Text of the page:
It's usually all about the jobs - but this time it's going to be a lot about the money, namely what sort of pay rises people are getting.
Statistics New Zealand releases its suite of labour market figures for the June quarter on Wednesday (August 4) and economists are expecting these will show our jobs market is continuing to heat up.
Unemployment, which moved down to 4.7% in the March quarter, from 4.9% is expected to fall again - perhaps to about 4.4%.
But on this occasion, it's wage increases that might be of even more vital interest - as an more-and-more squeezed jobs market sees workers pushing for higher pay.
Signs of an increasingly full jobs market and of inflationary wage pressures, would give the Reserve Bank another firm push towards needing to increase the Official Cash Rate from the current emergency low setting of 0.25% when it has its next review on August 18.
These labour figures this week, followed by the RBNZ's own survey of inflation expectations on August 12 will be the last big pieces of the jigsaw puzzle for the central bank to assemble as it ruminates on its decision. Remember, the other biggie recently was the super hot 3.3% inflation figure for June.
ANZ economist Finn Robinson and chief economist Sharon Zollner think that labour costs "accelerated sharply" in the June quarter, up 1.0% quarter-on-quarter and 2.4% year-on-year.
"That would be the largest quarterly increase since 2009," they say.
'Strong wage pressure this year'
"It’s not clear how long the tight labour market will take to feed through into wages – people need to go through pay reviews or the hiring process before bigger pay cheques land in their bank account. But with the labour market so tight, we do think we’ll see very strong wage pressure this year, even if it takes a little longer to come through than we’ve forecast."
They think that overall employment increased 1.0% q/q (1.5% y/y) in the June quarter, which should see unemployment tick down from 4.7% in the first quarter to 4.4% - this despite their expectation that the labour force participation rate will recover further to 70.6% from 70.4% previously.
"It’s hard to see a scenario where the data doesn’t reaffirm that the OCR should to be hiked at that [August 18] meeting. Given the sheer strength in indicators of labour demand, any disappointing headline unemployment or employment numbers will likely stem from supply-side factors like reduced participation or continued matching issues. These factors would all act to push wages and prices higher, consistent with our view that August is odds-on as the date of OCR lift-off, barring a Covid outbreak in the meantime."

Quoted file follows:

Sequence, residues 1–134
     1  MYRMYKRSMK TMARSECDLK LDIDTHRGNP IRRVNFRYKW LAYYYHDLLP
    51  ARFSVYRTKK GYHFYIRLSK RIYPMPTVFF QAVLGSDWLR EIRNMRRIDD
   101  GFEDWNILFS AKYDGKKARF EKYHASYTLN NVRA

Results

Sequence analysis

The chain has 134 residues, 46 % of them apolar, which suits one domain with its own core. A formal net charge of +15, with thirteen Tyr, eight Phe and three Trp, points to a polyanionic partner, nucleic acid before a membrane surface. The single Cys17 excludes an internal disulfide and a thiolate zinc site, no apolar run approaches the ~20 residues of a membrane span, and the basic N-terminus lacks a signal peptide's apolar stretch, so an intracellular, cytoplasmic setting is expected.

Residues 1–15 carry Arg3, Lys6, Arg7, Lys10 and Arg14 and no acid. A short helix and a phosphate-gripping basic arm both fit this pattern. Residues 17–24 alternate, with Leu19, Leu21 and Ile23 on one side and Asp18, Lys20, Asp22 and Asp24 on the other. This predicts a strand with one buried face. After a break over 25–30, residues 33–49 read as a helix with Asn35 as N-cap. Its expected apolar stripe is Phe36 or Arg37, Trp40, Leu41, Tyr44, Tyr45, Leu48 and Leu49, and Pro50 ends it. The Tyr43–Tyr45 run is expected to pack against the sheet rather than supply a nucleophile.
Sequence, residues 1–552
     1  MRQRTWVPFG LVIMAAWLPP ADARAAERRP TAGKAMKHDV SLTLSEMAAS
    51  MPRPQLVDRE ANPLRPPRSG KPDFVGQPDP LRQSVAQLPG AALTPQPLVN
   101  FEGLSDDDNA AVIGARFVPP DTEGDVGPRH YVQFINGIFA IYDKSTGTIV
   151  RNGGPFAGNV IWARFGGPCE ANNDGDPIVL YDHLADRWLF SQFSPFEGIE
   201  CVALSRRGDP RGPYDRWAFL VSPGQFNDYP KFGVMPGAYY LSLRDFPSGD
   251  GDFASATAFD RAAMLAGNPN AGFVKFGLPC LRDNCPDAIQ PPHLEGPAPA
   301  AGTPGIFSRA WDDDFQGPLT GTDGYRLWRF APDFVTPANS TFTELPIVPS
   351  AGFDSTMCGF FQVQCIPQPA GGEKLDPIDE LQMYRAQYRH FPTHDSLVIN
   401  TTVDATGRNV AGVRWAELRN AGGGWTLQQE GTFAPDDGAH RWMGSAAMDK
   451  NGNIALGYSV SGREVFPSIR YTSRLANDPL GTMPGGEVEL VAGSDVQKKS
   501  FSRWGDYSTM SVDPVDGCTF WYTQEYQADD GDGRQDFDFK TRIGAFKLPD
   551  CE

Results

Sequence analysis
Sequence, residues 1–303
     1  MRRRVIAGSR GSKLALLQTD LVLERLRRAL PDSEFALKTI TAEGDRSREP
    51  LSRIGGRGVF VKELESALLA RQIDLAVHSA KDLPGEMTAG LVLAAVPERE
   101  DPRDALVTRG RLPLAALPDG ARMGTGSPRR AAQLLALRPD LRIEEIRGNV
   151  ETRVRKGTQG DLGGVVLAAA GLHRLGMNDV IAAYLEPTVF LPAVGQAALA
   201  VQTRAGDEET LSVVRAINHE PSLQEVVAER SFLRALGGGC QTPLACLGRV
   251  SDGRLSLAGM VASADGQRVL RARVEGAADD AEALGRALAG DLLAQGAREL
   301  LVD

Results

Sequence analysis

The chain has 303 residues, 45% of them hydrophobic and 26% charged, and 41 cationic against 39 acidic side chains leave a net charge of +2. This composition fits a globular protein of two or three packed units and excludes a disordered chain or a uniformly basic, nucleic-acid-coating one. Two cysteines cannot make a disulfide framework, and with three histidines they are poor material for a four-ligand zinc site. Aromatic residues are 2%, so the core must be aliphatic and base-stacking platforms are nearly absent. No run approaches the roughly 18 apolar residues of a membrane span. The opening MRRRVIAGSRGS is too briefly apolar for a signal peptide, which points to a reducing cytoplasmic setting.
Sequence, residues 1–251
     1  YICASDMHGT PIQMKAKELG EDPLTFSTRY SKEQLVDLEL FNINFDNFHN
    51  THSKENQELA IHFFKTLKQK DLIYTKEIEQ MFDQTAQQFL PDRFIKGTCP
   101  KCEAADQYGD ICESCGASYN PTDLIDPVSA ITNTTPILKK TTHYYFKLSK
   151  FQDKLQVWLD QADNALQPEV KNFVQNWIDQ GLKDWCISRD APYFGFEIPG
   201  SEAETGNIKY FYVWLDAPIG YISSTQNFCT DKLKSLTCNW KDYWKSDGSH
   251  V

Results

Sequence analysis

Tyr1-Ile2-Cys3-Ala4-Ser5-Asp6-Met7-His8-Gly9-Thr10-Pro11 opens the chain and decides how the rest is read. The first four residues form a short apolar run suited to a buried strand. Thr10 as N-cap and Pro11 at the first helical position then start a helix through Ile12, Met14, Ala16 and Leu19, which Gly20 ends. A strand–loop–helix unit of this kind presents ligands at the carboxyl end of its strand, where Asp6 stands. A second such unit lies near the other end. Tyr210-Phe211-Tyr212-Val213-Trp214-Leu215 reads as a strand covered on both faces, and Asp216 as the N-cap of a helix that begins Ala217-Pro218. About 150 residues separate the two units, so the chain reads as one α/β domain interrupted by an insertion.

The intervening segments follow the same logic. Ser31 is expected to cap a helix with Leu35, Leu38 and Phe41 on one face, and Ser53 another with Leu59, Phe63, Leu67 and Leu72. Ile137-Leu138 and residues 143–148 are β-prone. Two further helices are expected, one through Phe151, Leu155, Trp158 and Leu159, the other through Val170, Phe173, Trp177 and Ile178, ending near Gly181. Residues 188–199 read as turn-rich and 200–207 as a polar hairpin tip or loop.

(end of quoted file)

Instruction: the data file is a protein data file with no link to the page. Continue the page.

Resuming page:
Westpac acting chief economist Michael Gordon is also expecting the unemployment rate to drop from 4.7% to 4.4%.
"That’s not quite back to pre-Covid levels, but is getting close to what we would have considered to be the non-inflationary minimum even during normal times."
'Hefty pay increases'
He says there have been "stories of hefty pay increases" being offered in some sectors – IT is the one that stands out – "but it’s unclear how significant this is at the economy-wide level. It also appears that some of the sweeteners being offered by employers are in non-wage guises, such as signing bonuses and additional leave".
"...We haven’t had any official data on wage growth since the March quarter, but the extent to which the stories of big pay increases have emerged in only the last couple of months is remarkable."
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He's expecting a 0.8% increase in wages for the quarter, following a 0.4% rise in the March quarter.
"That would be a marked shift in what is normally a slow-moving series – and the risks are probably to the upside. Our forecast would see annual wage growth lift from 1.7% to 2.2%, due to a weak reading in the June 2020 quarter (the Covid lockdown period) dropping out. The minimum wage was increased by 5.8% in April this year, which was a smaller increase than last year but probably affected a greater share of the workforce. We’ve previously estimated that this year’s minimum wage hike would add about 0.1% to annual wage inflation compared to last year."
Gordon doesn't expect anything in the labour market figures that will "stand in the way" of an OCR hike in August.
Key factors influence OCR hikes
ASB senior economist Jane Turner also expects the RBNZ to start lifting the OCR from August, but says the pace and magnitude of OCR hikes over the coming six months are likely to be influenced by four key factors.
"These are inflation expectations, the pass through of costs to consumers, labour market utilisation and wage growth. The Q2 CPI figures demonstrated firms are having little difficulty in passing on higher costs to end consumers. Inflation expectation figures from the RBNZ will be released around a week before the August Monetary Policy Statement and we anticipate a sizeable lift. The Q2 employment data released [this] week will provide insights on labour market utilisation and wage growth."
She expects wages rose 0.8% in the June quarter, bringing annual wage inflation up to 2.1%.
"In quarterly terms, this is a strong lift, particularly compared to rates of growth in the past 10 years," she says.
Given that inflation "tends to be a lagging variable", she expects to see wage inflation pressure to continue to build over the coming year, with wage inflation forecast to lift to 2.9% by the end of the year.
"The risks are skewed to wage growth being stronger than forecast."
She too expects employment lifted 1% in the past quarter - driving the unemployment rate lower to 4.4% (from 4.7%).
"Given high level indicators, such as employment intentions, the risks to employment growth are skewed to the upside. We expect much of this additional employment was met by pulling additional labour into the work force – and we expect to see a lift in the labour market participation rate to 70.7% from 70.4% of the working age population."